Part 92 – Into the Deep Valley
The morning filled foul stenches and high cliffs in the valley of Nan Wathren. The high cliffs could only be traversed with the aid of long makeshift bridges that hung low and were terribly unstable as the crossing looked almost treacherous without good balance.
At both ends of the bridges stood strong thick wooden supports dug deep into the Nan Wathren ground strung on each end with thick rope. Tide to the rope hung buckets, long ivry tusks with origins of who knew where, and all sorts of other odds and ends the orcs could muster for their bridges. Some hung very high from the Nan Wathren floor. Some hung upon low cliff faces that needed to be traversed in a hurry for reasons only the orcs would understand.
Upon the southeastern side where a massive and long orc bridge connected, a darkness hung in the sky. Clouds hung in the air, dark ones of an ominous feel sat stagnantly in the sky as if some evil magic was brewing there. The sounds that boomed from the thunder there were no less ominous. As if strikes of lightning were purposefully being manifested inorganically out of the sky for some evil purpose.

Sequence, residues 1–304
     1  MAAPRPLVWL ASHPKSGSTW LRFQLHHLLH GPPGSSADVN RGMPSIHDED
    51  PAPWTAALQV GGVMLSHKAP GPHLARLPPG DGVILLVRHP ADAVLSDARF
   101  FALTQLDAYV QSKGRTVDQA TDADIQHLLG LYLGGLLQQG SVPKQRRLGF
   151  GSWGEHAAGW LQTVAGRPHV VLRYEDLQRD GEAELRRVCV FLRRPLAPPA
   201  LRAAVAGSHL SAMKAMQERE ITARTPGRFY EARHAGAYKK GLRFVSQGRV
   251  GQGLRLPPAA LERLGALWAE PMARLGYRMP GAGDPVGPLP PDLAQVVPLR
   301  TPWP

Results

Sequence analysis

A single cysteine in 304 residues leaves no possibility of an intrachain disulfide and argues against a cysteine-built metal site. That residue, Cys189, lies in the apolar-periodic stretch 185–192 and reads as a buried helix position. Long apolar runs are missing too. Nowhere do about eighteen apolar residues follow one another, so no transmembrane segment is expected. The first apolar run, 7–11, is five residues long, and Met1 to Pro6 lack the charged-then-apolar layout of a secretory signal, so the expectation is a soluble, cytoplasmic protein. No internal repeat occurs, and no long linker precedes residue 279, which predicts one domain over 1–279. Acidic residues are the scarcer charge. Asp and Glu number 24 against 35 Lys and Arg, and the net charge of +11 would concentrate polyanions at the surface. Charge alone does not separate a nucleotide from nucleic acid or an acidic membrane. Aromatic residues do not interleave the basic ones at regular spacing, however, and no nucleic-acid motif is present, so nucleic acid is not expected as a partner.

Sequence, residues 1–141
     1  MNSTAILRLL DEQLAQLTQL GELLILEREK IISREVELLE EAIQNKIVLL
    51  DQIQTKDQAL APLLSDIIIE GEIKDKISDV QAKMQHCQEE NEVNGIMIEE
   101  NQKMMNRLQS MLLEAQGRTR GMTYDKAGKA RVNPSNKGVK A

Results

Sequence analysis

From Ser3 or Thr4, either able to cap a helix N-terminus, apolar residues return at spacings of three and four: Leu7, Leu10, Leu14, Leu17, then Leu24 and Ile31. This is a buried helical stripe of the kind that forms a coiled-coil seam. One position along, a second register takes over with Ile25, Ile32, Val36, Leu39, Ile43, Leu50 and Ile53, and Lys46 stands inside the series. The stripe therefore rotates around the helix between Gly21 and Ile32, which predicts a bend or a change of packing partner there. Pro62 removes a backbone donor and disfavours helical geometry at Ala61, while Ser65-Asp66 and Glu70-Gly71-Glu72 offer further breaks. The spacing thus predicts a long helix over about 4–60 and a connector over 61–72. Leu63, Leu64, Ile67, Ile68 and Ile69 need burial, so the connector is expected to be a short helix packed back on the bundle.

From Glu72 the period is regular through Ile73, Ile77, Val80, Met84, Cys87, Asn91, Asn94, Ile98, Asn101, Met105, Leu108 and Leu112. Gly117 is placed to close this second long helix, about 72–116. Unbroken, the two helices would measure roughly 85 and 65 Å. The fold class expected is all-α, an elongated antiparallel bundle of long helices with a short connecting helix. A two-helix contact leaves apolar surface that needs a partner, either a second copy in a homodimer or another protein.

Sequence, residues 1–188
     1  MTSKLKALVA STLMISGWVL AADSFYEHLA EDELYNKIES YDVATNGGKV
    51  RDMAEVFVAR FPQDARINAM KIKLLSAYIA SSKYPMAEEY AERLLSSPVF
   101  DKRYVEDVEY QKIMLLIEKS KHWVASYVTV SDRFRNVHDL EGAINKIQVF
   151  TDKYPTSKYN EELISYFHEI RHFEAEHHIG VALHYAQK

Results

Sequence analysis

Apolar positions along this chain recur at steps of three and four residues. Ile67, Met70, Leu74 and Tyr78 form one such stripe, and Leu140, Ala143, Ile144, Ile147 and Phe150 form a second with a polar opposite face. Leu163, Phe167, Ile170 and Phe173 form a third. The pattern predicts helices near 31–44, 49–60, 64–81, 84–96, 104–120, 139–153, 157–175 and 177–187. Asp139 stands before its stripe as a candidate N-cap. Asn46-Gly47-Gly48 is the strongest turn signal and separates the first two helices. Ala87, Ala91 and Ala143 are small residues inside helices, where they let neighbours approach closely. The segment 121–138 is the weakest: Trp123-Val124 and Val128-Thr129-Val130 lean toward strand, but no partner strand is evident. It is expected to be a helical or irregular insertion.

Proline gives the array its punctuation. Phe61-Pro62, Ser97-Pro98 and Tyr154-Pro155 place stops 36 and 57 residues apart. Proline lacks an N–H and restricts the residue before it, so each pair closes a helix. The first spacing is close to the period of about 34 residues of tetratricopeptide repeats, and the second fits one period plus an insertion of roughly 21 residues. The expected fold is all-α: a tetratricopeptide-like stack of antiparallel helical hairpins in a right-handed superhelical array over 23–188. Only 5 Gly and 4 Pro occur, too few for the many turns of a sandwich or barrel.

With strikes of swords and dodging arrows and slashing through of the orcs of the valley, Theomin charged through with little thought. Anger was in his blood. Anger that seathed through his veins, making him wreckless, not caring for anything but fulfilling his feeling of vengeance toward his brother.
So he stormed on through sometimes relentless numbers of orcs. He ducked behind battle devises when there were too many arrows. He charged into the thick of orcs. He slammed into goblins and surprised unsuspecting orcs with swipes of his blade to their neck. His furvour just excited him more and upon seeing his brother, he knew he would do the same. Countless numbers of orcs stood in the hills of Nan Wathren and countless numbers were being slaughtered by Theomin’s rage.